ANU research helps discover supermassive black hole
New research led by the Australian National University (ANU) has revealed the size and scale of the fastest-growing black hole in the universe.
This giant black hole – known as J2157 – was discovered by the same research team in 2018. It is 34 billion times the mass of our sun and gorges on nearly the equivalent of one sun every day, according to Dr Christopher Onken and his colleagues.
Dr Onken explained, "The black hole's mass is also about 8,000 times bigger than the black hole in the centre of the Milky Way. If the Milky Way's black hole wanted to grow that fat, it would have to swallow two-thirds of all the stars in our galaxy."
Exactly how black holes grew so big so early in the life-span of the universe is still a mystery, but the team is now searching for more black holes in the hope they might provide some clues.
"We knew we were onto a very massive black hole when we realised its fast growth rate. How much black holes can swallow depends on how much mass they already have," said team member Dr Fuyan Bian, a staff astronomer at the European Southern Observatory (ESO).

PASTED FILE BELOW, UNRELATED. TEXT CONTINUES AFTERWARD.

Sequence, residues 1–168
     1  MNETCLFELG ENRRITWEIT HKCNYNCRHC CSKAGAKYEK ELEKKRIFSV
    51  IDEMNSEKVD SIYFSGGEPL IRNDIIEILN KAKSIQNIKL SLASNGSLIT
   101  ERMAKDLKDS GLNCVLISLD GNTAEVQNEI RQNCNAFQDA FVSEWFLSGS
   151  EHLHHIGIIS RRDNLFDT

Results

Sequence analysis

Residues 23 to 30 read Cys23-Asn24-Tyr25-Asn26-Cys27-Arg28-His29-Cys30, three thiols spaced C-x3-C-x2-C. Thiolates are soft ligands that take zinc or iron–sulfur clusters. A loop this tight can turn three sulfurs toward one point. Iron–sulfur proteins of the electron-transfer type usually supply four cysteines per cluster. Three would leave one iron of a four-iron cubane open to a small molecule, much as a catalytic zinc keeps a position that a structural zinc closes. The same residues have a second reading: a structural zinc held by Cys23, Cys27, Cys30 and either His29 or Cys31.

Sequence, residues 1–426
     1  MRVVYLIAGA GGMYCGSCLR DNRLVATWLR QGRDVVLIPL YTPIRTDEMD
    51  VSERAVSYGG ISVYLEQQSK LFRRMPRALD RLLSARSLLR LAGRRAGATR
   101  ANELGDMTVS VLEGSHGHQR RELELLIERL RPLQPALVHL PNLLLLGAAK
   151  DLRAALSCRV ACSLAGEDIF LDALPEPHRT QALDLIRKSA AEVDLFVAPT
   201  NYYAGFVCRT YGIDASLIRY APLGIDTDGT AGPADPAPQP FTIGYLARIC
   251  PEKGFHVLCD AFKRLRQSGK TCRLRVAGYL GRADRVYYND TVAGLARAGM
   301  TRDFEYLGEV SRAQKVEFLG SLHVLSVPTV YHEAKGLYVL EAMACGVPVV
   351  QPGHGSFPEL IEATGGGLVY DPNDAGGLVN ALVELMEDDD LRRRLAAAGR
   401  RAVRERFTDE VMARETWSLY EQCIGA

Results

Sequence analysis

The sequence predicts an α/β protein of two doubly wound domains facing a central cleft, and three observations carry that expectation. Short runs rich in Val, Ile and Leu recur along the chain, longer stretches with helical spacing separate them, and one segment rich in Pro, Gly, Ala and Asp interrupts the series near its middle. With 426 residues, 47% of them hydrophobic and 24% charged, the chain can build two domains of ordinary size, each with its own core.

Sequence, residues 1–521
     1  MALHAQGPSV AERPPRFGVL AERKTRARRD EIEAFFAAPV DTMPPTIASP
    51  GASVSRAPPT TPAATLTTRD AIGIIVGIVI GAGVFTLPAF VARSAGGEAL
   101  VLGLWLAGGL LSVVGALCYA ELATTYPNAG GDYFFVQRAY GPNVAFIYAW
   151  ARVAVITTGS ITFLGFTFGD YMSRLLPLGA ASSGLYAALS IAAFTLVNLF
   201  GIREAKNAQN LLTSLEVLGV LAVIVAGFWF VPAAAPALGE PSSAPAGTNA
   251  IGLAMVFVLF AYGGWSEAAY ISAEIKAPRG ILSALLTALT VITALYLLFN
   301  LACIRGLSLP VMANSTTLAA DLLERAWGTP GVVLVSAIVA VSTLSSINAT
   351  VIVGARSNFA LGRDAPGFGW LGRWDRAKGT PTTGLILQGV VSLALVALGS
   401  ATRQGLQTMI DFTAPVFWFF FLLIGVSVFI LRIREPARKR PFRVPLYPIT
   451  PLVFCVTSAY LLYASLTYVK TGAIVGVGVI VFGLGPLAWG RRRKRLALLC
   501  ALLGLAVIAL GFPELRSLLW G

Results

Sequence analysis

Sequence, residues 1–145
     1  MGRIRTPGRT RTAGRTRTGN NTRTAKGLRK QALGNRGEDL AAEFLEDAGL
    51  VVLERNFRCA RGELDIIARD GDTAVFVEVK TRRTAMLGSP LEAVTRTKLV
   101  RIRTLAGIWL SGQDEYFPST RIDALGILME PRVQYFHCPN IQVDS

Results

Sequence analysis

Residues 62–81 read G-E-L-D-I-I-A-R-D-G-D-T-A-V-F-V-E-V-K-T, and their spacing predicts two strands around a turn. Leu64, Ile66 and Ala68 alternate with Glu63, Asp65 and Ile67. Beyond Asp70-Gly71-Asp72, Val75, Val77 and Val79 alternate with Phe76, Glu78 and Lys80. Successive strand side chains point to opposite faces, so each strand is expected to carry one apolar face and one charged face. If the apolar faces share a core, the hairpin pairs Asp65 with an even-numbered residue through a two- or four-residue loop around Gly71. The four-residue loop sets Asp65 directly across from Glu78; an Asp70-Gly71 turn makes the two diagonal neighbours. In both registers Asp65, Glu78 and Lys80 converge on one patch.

The team, including researchers from the University of Arizona, used ESO's Very Large Telescope in Chile to accurately measure the black hole's mass.
Dr Onken added, "So, for this one to be devouring matter at such a high rate, we thought it could become a new record holder. And now we know. With such an enormous black hole, we're also excited to see what we can learn about the galaxy in which it's growing.
"Is this galaxy one of the behemoths of the early universe, or did the black hole just swallow up an extraordinary amount of its surroundings? We'll have to keep digging to figure that out."
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